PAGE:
Food portions also play an important role in the unhealthy diet patterns that have evolved. The prevalence of “super size” options and “all you can eat” buffets create a trend in overeating. Combined with a lack of physical activity, children are consuming more and burning off less.
Children and adolescents that come from lower-income homes are at greater risk of being affected by obesity. This is a result of several factors that influence behaviors and activities.
Lower-income children cannot always afford to partake in extracurricular activities, resulting in a decrease in physical activity. In addition, families who struggle to pay bills and make a living often opt for convenience foods, which are higher in calories, fat and sugar.
Educational levels also contribute to the socioeconomic issue associated with obesity. Parents with little to no education have not been exposed to information about proper nutrition and healthy food choices. This makes it difficult to instill those important values in their children.
What to do about Treating Childhood Obesity
Treating obesity in children and adolescents differs from treatment in adults. Involving the family in a child’s weight management program is a key element to treatment. As a support system, family is integral in ensuring all health goals, not just weight, are met.
It is important to talk with your physician about options for treating childhood obesity. The various treatments of obesity in children and adolescents include:
- Diet therapy
- Physical activity
- Behavior Modification
When treating a child or adolescent affected by obesity, it is often recommended they have a consultation with a nutritionist that specializes in children’s needs. Nutritionists can best help children understand healthy eating habits and how to implement them in their long-term diet.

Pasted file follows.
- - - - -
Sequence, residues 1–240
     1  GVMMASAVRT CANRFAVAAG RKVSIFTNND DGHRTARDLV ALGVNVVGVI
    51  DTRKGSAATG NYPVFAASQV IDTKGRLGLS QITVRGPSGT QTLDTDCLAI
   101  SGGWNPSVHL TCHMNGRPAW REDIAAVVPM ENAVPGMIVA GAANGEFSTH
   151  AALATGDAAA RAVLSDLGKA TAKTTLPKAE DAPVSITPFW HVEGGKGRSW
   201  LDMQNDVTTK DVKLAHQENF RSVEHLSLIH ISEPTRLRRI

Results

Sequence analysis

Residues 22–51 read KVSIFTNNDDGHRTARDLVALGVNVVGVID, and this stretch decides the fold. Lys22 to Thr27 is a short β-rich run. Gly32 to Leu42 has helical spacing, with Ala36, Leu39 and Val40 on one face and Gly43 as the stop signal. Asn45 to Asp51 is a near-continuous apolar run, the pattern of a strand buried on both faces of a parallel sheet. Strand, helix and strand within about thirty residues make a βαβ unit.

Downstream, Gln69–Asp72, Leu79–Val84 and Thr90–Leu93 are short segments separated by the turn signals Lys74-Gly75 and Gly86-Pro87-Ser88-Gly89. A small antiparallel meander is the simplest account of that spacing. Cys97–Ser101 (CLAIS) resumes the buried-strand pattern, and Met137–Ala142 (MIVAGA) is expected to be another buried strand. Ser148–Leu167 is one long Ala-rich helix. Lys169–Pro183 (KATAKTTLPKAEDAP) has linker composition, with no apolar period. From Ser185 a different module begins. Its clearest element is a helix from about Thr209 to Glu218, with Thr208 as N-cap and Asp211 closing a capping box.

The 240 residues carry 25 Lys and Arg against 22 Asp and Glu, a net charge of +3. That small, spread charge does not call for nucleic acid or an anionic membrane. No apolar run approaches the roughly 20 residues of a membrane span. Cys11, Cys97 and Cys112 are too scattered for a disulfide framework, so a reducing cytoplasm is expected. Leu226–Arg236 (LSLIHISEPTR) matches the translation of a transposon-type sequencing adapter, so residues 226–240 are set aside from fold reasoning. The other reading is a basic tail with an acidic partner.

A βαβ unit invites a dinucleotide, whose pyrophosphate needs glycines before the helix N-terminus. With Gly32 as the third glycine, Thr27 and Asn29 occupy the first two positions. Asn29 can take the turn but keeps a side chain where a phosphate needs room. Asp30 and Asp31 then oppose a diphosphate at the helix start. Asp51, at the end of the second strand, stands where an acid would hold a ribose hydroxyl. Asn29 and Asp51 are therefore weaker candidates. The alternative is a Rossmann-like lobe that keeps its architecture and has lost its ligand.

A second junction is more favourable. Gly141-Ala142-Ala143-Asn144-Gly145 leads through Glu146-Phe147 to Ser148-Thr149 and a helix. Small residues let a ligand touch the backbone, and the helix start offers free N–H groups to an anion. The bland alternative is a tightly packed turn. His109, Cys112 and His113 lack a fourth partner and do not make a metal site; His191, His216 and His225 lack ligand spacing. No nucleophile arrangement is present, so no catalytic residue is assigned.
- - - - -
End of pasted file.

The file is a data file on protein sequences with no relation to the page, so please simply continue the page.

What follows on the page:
In some cases, nutritionists do not always recommend restricting caloric intake for children. Education on how to read food labels, cut back on portions, understand the food pyramid and eat smaller bites at a smaller pace is generally the information given to change a child’s eating habits.
The goal should be to enjoy a balanced and nutritious diet and have an appropriate level of physical activity to promote overall health and well-being.
Another form of treatment of obesity in children is increasing physical activity. Physical activity is an important long-term ingredient for children, as studies indicate that inactivity in childhood has been linked to a sedentary adult lifestyle.
Increasing physical activity can decrease, or at least slow the increase, in fatty tissues in children affected by obesity. The US Surgeon General recommends that children get at least 60 minutes of physical activity each day. Individualized programs are available and possible for those children or adolescents that are not able to meet minimum expectations.
Lifestyles and behaviors are established at an early age. It is important for parents and children to remain educated and focused on making long-term healthy lifestyle choices.
There are several ways that children and adolescents can modify their behavior for healthier outcomes, such as: changing eating habits, increasing physical activity, becoming educated about the body and how to nourish it appropriately, engaging in a support group or extracurricular activity and setting realistic weight management goals.
While surgery has been performed on adolescents in extreme cases to treat obesity, it is only considered for those with severe medical conditions that can only be improved through such intervention.
Everyday, you can find physicians in your area who are looking for new and unique ways to connect and collaborate with you on your care and the wellness of your family. You might find them in HealthLynked – the first of its kind social ecosystem designed to truly allow patients and physicians to engage online in ways never before possible.
If you have a loved one facing the challenges of Childhood Obesity, or any other health concern, find help by getting Lynked. Go to HealthLynked.com to sign up for free and start taking control of your family’s health.
 Sarah J. C. Craig, Daniel Blankenberg, Alice Carla Luisa Parodi, Ian M. Paul, Leann L. Birch, Jennifer S. Savage, Michele E. Marini, Jennifer L. Stokes, Anton Nekrutenko, Matthew Reimherr, Francesca Chiaromonte, Kateryna D. Makova. Child Weight Gain Trajectories Linked To Oral Microbiota Composition. Scientific Reports, 2018; 8 (1) DOI: 10.1038/s41598-018-31866-9